In the embodiments shown in FIGS. 3 and 5, the acute angles 20 and 20a each preferably lie in a range between 0.5 and 6. In exceptional cases, deviations from this range in either angular direction are also permissible within the scope of the invention.

The arrangement of the slot 8 in the embodiment according to FIGS. 3 and 4 may also be combined with that of the embodiment according to FIGS. 5 and 6 so that the slot 8 lies "askew" in the needle shank 1. In this case, a slot corresponding to the slot 8, and having a longitudinal plane of symmetry which corresponds to the longitudinal plane of symmetry 15 would intersect a longitudinal plane of symmetry which corresponds to the longitudinal plane of symmetry 16 at an acute angle corresponding both to the acute angle 20 as well as to the acute angle 20a. In this case, these two acute angles 20 and 20a may be identical or, preferably, of different angular sizes.

In a rest position of the latch needle 100, due to the oblique position of the slot 8 in the embodiment of FIGS. 3 and 4, the latch 11, whose shaft 13 is laterally guided in the slot 8, comes to lie in such a position when closed that its noucat 12 rests on the needle tip 14 while being displaced to one side. If the latch needle 100 shown in FIGS. 3 and 5 is inserted, for example, into the needle cylinder of a circular knitting machine which rotates clockwise as indicated by an arrow 22 in FIG. 3, the latch 11 and the needle head 3 are somewhat bent laterally outwardly by attacking lateral forces so that the needle shank 1 is pressed, on the side 19 of the latch needle 100 which is in the rear when seen in the direction of rotation 22, against the associated side wall of the needle bed. Due to the oblique orientation of the slot 8, however, it remains ensured that the noucat 12 properly covers the tip 14 and that the longitudinal plane of symmetry 15 of the slot 8 cannot be pushed laterally beyond the longitudinal plane of symmetry 16 of the needle shank 1. In this way the noucat 12 is reliably prevented from brushing against an adjacent sinker or transfer jack, even when the needles are arranged in very close proximity.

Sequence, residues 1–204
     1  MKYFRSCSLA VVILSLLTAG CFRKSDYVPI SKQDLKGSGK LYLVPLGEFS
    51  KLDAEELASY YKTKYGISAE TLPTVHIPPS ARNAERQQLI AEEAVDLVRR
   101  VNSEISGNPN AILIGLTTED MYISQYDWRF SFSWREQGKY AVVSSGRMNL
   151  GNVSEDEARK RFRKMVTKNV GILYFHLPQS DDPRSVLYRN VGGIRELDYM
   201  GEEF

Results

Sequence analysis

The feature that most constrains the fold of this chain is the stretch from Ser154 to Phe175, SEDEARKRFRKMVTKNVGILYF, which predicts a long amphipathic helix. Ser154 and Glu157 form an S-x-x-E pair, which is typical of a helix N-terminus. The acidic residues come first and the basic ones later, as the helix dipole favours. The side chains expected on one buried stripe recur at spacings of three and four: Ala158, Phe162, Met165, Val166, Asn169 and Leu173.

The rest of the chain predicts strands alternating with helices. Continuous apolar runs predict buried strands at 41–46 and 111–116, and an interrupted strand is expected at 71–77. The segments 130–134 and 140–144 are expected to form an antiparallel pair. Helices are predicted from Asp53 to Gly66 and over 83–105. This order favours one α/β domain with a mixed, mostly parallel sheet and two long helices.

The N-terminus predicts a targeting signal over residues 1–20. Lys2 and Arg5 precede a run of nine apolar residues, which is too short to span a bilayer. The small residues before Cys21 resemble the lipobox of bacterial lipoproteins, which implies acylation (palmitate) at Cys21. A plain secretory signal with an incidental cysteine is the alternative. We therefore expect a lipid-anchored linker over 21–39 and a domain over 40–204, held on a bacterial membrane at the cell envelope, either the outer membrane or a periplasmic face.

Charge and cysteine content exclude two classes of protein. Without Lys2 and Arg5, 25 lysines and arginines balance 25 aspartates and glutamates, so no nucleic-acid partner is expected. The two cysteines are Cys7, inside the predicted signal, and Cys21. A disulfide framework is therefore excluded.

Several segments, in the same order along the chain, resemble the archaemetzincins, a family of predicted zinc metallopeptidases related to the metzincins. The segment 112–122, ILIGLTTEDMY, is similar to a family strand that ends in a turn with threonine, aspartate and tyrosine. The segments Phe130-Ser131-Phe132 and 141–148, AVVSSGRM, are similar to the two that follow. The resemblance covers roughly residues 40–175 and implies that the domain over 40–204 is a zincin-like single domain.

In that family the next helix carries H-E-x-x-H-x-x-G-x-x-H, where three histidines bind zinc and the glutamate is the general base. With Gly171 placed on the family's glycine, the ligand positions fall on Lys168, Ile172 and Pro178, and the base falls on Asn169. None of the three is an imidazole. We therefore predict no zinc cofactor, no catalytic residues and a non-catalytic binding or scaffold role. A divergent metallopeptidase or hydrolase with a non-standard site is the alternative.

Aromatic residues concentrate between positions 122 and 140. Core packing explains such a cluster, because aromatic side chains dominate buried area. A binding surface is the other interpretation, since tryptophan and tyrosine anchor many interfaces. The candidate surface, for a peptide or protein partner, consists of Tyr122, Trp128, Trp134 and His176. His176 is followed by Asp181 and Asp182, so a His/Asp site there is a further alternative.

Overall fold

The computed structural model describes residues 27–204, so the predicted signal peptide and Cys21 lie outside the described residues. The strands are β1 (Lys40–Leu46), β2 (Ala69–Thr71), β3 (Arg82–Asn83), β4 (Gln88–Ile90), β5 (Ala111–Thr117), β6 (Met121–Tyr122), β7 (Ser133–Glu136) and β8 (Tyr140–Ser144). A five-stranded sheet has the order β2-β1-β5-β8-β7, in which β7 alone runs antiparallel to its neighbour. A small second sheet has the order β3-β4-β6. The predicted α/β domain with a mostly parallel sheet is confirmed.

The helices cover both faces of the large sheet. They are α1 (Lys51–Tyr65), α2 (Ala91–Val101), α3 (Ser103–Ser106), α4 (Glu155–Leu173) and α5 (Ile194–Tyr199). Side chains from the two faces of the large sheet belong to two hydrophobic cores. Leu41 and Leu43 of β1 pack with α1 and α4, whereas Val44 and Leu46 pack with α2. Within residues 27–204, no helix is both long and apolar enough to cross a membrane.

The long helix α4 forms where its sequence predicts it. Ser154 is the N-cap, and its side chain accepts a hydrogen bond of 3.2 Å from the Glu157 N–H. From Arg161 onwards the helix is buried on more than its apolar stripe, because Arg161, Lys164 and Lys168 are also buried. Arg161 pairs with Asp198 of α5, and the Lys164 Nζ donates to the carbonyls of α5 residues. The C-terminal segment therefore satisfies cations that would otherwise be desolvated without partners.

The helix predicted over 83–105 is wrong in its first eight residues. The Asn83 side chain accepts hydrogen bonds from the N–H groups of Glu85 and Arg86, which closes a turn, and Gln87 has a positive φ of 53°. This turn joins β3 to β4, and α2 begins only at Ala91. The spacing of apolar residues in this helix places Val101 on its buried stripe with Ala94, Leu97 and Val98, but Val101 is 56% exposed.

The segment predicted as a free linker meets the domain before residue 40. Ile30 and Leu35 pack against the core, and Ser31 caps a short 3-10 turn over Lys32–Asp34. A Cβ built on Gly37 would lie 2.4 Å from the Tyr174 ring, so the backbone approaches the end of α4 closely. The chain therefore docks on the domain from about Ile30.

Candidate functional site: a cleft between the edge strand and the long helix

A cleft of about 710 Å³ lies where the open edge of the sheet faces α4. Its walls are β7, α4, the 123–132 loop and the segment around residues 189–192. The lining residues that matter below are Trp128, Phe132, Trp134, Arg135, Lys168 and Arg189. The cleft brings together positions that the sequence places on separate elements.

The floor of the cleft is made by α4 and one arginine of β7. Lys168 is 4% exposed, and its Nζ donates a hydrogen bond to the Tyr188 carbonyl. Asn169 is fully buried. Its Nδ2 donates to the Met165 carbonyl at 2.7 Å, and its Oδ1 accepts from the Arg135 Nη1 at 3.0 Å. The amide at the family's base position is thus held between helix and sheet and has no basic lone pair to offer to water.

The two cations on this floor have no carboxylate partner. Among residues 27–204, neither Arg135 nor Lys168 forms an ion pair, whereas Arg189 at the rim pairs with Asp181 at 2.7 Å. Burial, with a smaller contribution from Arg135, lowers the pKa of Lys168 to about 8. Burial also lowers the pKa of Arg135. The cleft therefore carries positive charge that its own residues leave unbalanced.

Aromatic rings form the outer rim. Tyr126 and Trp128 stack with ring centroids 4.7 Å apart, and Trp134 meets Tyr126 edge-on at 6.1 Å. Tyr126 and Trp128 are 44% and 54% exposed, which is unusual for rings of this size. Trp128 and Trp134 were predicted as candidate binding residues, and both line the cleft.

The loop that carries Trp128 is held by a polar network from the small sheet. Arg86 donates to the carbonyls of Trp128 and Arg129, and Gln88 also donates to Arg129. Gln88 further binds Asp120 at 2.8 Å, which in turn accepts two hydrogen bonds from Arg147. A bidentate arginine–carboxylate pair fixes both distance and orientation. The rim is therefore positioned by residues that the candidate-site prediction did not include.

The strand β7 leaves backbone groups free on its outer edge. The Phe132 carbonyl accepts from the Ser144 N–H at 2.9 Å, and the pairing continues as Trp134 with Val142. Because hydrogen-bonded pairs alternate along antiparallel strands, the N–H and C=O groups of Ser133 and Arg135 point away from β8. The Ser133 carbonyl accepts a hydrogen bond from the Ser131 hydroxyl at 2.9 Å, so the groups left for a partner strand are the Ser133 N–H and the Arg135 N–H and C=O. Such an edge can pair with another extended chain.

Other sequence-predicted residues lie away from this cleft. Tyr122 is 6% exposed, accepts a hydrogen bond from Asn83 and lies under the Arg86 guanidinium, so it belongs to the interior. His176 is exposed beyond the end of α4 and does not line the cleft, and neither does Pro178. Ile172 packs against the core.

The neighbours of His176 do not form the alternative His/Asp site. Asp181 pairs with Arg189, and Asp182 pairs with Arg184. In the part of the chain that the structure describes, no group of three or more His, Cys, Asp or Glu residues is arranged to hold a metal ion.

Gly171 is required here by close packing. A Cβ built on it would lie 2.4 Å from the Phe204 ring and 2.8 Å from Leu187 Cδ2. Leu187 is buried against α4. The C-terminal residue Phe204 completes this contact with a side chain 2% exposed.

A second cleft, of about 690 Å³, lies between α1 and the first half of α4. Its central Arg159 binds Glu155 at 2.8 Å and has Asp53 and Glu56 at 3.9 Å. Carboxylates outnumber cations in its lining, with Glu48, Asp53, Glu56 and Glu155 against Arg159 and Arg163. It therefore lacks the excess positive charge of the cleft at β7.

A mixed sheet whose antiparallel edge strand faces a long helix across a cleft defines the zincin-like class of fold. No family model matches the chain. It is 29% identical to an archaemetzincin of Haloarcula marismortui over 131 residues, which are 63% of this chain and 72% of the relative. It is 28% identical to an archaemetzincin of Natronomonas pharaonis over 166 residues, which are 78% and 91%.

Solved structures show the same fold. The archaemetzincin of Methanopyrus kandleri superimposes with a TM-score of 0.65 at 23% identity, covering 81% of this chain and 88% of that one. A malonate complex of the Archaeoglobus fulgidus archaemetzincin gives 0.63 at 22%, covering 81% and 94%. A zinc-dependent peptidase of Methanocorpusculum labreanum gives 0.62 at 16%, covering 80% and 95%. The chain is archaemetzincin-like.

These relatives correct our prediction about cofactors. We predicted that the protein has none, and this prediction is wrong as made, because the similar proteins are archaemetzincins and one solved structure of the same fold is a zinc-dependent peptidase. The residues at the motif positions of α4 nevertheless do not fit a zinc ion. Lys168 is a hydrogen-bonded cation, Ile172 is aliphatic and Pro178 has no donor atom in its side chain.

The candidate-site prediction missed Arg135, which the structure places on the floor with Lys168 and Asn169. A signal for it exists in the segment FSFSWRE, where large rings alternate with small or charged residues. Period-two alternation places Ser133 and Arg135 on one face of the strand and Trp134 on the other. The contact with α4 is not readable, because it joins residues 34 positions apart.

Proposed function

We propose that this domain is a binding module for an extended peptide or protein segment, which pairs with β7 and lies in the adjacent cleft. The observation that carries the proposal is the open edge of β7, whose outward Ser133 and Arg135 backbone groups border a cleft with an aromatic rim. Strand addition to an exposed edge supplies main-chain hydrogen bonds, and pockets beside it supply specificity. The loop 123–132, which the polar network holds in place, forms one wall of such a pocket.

Similarly, in the embodiment of FIGS. 5 and 6, in a rest position of the latch needle 101, due to the tilted position of the slot 8', a latch corresponding to the latch 11 of FIG. 2 is laterally guided in the slot 8' and comes to lie in such a position when closed that its noucat, which corresponds to the noucat 12 of FIG. 2, rests on the needle tip 14' while being displaced to one side. When the latch needle 101 shown in FIGS. 5 and 6 is inserted, for example, into the needle cylinder of a circular knitting machine which rotates clockwise as indicated by an arrow 22 in FIG. 5, the latch corresponding to the latch 11 in FIG. 2 and the needle head 3' are somewhat bent laterally outwardly by attacking lateral forces so that the needle shank 1' is pressed, on a side 19 of the latch needle 101 which is in the rear when seen in the direction of rotation 22, against the associated side wall of the needle bed. .Due to the oblique orientation of the slot 8', however, it remains ensured that the noucat corresponding to the noucat 12 in FIG. 2 properly covers the tip 14' and that the longitudinal plane of symmetry 15' of the slot 8' cannot be pushed laterally beyond the longitudinal plane of symmetry 16' of the needle shank 1'. In this way the noucat, which corresponds to the noucat 12 of FIG. 2, is reliably prevented from brushing against an adjacent sinker or transfer jack, even when the needles are arranged in very close proximity.

The above-described two embodiments of a latch needle both include a grooved or hollowed noucat corresponding to the noucat 12 of FIG. 2. However, the present invention can be employed in a similar manner for latch needles having a grooved or concave needle head or hook instead of the convex needle head or hook 3 shown in FIG. 2, and is, in general, independent of the configuration of the contact face between the needle latch 11 and the upper side 7 of the on the needle head or hook 3.